Friday, May 30, 2008

Hype Enlite

Hooray! The Hypes came in yesterday and Chan and I were totally excited to try them. Hype, if you don't know, is a Canadian brand and I would consider it sort of a 'gourmet' drink, because of its refined appearance. This exact drink, the Hype Enlite, is the low calorie version of the drink. There are only 10 calories per serving, which I consider to be pretty good. I don't want to waste time on the intro; I want to tear into this thing.

I tore the can open and poured it out. It didn't surprise me to see that the color was like transparent rosy pink. The smell is very reminiscent of aromatic flowers. From the smell, I think this drink is very feminine-friendly. However, the taste differs. The taste is quite similar to the Jones energy and many other budget energy drinks I've tried. It's like that artificial berry-apple-pear bubble gum you hear about so often. Actually, it's like a slightly better version of that and it must be all right because I've already finished it. The aftertaste leaves just a bit of artificial sweetness. It could be due to the acesulfame potassium, or acesulfame k, a common artificial sweetener. That's what's giving it a sort of metallic aftertaste. I couldn't pin down the flavor before I finished the can, sadly, so I'll just sum it up as a sweet, flowery taste with mildly artificial and subtle sweetness. In this small 8oz can, there's no gumminess, which is very good, and the carbonation, I think, is just a little too much, but okay. It isn't the best energy drink, but it beats mediocre drinks like Red Bull and Rockstar by far. I'm hoping the regular Hype is at least as good as this.

In the can, I found a respectable blend of energy ingredients. I haven't seen Taurine in a drink in a while, so it took me by surprise just a bit when I saw that there are 1000mg in the drink. It's the standard dose per one 8oz serving, so it's all right in this 8.4oz can. Caffeine comes next, in an 80mg dose, which is the average. Following those two energy ingredients is an array of B vitamins, which you can expect to see in every drink. I believe B vitamins are supposed to help with absorbtion and metabolism. Now, in the Non-Medicinal category, I see sugar and/or HFCS after carbonated water. That's what you'll see stated in many sodas as well, instead of plain sugar or HFCS. The reason is because some bottlers might choose to sweeten the drink with sugar instead of HFCS, giving a drink that crisp, brighter taste. I have no way of knowing which one was used in this drink. After that, it reads "citric acid" and "natural flavours." I caught that right when I saw it. "Flavours" is the English or Canadian spelling of what we spell in America "flavors." That tells you right there that this drink truly comes from Canada, as well as the reprinting of the nutrition facts in French, which I find below. The list continutes: "sodium citrate, ginseng root extract, guarana (flavours), sucralose, acesulfame k, inositol, colour." The amounts of ginseng, guarana, and inositol appear to be nondisclosed, which I take as a sign that they're quite minute. I enjoyed reading the label of this can because I'm used to the cans here in America, and it's cool to see something from another country. From now on, I'm on the lookout for foreign and exotic drinks.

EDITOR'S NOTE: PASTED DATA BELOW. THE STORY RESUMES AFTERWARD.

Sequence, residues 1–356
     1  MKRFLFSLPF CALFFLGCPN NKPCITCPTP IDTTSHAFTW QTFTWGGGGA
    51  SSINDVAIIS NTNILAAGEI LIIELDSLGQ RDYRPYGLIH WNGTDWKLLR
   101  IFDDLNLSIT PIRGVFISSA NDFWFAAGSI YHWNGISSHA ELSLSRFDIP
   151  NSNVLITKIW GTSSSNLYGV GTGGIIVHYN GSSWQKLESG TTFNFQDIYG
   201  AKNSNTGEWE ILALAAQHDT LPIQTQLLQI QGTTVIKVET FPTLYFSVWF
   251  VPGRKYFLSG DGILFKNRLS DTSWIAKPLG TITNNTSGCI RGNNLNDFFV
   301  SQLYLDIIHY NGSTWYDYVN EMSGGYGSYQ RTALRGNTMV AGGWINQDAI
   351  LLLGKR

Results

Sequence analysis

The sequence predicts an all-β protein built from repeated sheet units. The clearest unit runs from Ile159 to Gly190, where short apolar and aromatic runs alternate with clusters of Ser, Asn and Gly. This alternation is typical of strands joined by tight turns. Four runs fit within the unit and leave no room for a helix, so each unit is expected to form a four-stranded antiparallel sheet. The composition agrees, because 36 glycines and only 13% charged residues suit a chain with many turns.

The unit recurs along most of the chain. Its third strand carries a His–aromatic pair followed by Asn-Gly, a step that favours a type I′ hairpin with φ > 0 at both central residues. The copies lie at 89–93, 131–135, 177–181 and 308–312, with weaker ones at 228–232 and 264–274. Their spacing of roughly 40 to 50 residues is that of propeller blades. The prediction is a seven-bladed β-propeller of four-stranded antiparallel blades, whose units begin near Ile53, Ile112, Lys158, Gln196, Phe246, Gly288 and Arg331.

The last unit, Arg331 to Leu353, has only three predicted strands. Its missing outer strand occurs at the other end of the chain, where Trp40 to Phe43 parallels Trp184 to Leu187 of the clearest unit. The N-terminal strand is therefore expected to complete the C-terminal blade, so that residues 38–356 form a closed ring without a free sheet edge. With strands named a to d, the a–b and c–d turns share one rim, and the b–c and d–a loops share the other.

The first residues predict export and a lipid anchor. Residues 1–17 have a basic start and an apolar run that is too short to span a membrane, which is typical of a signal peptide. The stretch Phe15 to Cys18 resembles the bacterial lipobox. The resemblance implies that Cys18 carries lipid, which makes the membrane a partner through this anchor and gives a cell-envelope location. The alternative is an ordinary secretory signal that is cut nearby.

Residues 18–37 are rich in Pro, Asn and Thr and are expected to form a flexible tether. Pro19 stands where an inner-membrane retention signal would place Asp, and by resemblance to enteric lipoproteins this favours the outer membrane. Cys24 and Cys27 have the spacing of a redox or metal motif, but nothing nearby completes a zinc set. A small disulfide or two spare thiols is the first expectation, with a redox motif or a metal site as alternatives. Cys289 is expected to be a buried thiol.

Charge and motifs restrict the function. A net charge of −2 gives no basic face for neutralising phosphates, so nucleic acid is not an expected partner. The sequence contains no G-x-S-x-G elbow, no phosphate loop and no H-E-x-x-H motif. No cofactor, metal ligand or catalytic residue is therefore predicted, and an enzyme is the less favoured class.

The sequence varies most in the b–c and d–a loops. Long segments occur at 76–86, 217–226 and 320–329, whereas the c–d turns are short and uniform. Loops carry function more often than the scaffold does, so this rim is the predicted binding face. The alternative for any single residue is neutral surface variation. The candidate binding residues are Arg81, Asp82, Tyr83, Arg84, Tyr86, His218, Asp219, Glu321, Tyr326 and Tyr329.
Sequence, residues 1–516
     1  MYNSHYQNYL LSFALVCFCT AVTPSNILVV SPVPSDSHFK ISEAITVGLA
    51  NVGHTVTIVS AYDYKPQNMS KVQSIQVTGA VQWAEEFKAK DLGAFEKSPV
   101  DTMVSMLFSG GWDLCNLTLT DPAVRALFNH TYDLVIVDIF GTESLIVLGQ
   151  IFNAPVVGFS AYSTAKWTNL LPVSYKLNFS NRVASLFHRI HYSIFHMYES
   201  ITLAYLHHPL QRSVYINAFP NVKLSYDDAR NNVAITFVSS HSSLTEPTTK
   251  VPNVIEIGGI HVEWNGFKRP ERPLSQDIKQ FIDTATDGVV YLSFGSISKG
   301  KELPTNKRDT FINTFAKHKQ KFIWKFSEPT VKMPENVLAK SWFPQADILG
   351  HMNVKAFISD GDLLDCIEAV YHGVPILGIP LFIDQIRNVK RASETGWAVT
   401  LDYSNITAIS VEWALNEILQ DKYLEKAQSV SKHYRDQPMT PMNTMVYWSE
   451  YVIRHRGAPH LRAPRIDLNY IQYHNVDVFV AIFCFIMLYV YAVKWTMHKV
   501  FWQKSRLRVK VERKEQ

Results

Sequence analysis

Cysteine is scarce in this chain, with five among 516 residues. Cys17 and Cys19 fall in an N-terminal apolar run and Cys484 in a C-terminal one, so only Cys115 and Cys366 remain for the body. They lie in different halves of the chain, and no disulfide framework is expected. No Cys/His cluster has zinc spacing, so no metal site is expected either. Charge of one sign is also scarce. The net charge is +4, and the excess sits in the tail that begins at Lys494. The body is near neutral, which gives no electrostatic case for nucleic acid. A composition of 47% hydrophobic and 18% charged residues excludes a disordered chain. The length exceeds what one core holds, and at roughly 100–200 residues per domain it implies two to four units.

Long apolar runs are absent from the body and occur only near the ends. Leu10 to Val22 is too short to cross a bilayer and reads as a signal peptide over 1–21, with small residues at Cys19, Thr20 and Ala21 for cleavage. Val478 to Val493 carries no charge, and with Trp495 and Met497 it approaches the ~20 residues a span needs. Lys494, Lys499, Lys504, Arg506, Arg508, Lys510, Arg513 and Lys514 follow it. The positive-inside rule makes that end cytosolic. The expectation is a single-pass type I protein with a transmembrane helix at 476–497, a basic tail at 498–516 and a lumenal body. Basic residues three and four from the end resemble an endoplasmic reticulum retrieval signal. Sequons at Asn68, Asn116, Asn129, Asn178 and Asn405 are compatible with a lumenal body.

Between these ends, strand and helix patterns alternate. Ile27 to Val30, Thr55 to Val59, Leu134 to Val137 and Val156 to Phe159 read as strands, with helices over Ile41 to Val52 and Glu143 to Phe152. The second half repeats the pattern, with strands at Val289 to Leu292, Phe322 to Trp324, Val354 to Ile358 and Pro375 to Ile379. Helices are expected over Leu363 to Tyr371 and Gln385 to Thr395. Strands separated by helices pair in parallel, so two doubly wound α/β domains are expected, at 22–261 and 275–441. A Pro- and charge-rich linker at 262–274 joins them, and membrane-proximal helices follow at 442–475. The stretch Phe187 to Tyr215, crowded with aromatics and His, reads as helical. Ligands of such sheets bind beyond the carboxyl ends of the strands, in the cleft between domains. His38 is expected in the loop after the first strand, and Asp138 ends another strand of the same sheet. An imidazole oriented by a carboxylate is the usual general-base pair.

Taste: 7.4 - A bit plain, but it sure beats a Rockstar
Kick: 8 - Hype gave a very good kick
Overall: 7.5 - Nice light beverage

Reviewed by: Jeff

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Jeffery "Jeff," Chandler "Chan"